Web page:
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The History of Stuxnet: The World’s First True Cyberweapon

How the world’s first-ever cyberweapon changed the history, and the future, of computer security.

On July 16, 1945, the United States detonated a completely new kind of weapon, the atomic bomb, and changed the world forever.

Sometime in 2009, someone launched another completely new kind of weapon. Unlike the one detonated in New Mexico more than fifty years earlier, this wasn't a physical weapon, but a malicious computer program, a virus or malware. But unlike any other malware before it, it was capable of causing real-world, physical damage.


It would later come to be known as Stuxnet, the first-ever malware to attack the real world. Stuxnet was designed to hit only one, very specific, target: the computers that controlled Iran's nuclear facility in Natanz, where international authorities suspected the country was working on its secret nuclear weapons program.

Stuxnet was programmed to make the uranium enrichment centrifuges spin faster than they were supposed to, causing them to get out of control to the point of damaging them. The malware was so well programmed that its victims could do very little to stop it. In fact, they didn't even know the outages and disruptions were caused by a computer virus.

"The operators were doomed, the plant was doomed."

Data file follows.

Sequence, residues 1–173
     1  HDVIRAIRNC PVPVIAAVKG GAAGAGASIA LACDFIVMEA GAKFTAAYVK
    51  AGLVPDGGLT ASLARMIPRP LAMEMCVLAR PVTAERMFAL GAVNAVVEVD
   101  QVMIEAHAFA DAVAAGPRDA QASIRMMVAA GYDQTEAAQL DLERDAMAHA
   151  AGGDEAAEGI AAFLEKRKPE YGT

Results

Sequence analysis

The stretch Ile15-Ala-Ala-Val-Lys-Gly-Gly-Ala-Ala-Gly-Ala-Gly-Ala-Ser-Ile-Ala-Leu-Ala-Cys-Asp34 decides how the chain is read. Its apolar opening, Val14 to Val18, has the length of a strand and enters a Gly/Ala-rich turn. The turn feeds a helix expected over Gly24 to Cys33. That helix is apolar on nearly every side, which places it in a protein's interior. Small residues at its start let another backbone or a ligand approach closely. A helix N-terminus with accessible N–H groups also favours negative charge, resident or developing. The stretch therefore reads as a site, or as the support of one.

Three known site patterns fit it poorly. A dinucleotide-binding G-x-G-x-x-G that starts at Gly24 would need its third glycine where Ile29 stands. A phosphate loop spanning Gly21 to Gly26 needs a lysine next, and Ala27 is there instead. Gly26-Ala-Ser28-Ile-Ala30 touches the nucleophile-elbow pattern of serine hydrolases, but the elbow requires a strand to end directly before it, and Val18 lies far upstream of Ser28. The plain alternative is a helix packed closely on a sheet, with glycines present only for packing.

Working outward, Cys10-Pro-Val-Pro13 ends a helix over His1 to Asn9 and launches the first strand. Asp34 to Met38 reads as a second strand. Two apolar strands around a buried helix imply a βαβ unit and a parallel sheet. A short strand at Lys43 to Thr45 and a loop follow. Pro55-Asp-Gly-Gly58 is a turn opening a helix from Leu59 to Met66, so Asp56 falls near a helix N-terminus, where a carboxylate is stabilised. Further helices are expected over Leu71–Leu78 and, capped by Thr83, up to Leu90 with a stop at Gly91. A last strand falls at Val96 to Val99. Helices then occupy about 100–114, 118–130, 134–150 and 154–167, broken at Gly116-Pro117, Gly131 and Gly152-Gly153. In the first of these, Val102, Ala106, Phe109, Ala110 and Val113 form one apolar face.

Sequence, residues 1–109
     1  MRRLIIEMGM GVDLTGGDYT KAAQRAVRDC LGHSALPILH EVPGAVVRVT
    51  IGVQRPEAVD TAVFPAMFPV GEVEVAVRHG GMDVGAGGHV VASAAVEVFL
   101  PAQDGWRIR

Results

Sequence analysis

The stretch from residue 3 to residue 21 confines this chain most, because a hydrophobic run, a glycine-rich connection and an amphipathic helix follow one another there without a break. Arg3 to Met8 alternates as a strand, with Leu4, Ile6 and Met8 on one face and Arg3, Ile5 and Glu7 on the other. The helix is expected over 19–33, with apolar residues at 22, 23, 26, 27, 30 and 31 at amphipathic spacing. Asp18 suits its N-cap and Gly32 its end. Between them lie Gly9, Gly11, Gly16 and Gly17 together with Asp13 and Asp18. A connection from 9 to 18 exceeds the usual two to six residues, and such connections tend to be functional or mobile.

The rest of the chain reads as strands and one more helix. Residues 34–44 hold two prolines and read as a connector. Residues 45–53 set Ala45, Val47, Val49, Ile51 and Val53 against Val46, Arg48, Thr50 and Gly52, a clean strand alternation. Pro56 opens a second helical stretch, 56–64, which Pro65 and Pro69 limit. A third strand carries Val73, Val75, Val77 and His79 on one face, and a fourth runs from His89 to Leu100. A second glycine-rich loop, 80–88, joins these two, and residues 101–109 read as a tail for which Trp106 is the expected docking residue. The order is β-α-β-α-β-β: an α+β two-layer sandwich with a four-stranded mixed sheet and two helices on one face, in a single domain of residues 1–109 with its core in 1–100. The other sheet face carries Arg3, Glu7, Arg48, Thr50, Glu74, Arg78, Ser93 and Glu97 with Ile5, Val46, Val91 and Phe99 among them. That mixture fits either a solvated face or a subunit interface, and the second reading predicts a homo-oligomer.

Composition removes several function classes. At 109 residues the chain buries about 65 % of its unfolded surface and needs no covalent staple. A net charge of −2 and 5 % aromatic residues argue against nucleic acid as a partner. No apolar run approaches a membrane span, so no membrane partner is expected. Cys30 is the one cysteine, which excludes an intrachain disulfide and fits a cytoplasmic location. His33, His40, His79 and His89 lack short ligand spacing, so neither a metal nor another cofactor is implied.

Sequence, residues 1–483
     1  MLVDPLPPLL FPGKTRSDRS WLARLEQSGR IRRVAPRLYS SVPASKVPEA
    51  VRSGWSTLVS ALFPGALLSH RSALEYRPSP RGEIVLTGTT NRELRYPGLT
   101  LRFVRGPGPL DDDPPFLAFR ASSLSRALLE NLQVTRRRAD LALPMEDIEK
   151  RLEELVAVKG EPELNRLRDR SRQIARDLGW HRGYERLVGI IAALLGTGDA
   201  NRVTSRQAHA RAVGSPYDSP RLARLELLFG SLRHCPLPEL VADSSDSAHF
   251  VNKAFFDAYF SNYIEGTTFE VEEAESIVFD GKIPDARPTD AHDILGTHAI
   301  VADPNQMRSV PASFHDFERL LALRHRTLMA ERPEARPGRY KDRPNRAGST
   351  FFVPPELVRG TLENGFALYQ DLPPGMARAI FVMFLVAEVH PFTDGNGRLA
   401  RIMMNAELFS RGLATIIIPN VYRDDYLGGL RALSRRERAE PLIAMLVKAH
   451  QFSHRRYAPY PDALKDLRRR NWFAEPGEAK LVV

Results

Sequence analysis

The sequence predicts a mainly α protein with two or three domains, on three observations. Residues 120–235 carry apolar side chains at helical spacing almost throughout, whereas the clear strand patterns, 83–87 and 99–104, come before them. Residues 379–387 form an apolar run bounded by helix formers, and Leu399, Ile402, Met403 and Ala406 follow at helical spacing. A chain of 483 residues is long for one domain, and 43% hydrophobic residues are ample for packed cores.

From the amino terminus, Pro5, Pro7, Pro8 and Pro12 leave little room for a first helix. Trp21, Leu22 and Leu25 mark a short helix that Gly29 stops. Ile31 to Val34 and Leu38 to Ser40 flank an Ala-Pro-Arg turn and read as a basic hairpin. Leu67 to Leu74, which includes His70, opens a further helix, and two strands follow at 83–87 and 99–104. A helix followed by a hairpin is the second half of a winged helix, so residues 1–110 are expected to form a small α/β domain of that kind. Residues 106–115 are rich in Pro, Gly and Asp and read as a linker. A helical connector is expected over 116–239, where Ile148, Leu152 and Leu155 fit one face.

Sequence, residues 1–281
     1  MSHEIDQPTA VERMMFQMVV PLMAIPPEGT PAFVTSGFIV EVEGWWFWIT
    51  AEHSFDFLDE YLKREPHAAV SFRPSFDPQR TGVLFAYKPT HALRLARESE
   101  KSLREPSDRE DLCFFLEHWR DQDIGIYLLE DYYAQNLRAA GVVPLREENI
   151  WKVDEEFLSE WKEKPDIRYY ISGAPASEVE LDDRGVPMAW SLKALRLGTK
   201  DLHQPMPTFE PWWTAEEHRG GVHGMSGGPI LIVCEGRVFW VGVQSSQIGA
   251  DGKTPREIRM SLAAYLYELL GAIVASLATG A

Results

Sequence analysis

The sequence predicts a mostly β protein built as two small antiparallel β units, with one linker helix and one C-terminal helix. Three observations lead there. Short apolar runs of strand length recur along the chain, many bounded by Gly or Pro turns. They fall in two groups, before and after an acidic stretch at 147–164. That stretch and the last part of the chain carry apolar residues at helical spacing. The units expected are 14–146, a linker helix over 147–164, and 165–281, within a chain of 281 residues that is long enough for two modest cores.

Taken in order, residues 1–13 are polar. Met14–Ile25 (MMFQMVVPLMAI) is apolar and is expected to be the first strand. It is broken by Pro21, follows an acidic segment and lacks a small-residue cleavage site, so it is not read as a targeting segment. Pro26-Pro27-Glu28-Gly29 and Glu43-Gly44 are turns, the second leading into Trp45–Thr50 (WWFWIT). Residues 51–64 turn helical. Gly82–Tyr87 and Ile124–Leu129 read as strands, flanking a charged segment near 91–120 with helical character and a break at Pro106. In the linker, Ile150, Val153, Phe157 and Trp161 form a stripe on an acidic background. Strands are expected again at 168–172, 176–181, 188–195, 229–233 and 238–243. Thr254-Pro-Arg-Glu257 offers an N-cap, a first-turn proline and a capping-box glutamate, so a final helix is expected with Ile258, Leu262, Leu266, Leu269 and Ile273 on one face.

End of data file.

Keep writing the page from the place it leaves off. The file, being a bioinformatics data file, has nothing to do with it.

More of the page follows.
"The operators were doomed, the plant was doomed," Eric Chien, a security researcher at Symantec who tore apart Stuxnet for months, says.

The attack was so well-done that the virus worked undetected for months, and its victims didn't know about it until security companies around the world discovered it and started talking about it.

At the time, the security world gasped at the sophistication of Stuxnet. No one had ever seen anything like it. Obviously, everyone was wondering who could have been behind such advanced and unprecedented malware, which is perhaps the only one—at least that we know of—to really warrant the definition of "cyberweapon."

To this day, the "whodunnit," at least officially, is unknown. No country has ever claimed or admitted responsibility. But six years later, it's widely assumed that the United States and Israel were the culprits.


As Kim Zetter, the author of the definitive book on Stuxnet, Countdown to Zero Day, puts it, "I don't think that there's a question that the US is behind it."

The revelation came in 2012, when The New York Times reported that the US government ordered the attack, which it was officially dubbed Olympic Games.

In this week's episode of the VICELAND documentary series CYBERWAR, Zetter refers to the years-long internal investigation that the US government launched after that New York Times article to find the leaker as one of the many signs pointing towards the US government.

"You don't launch a leak investigation for a covert operations you didn't do," she says.

We traced the history of Stuxnet, and how it changed the world, in this week's CYBERWAR episode. You can watch it on VICELAND on Tuesday, at 10:30 PM ET. Meanwhile, read some of Motherboard's best articles about the cyberweapon that changed history: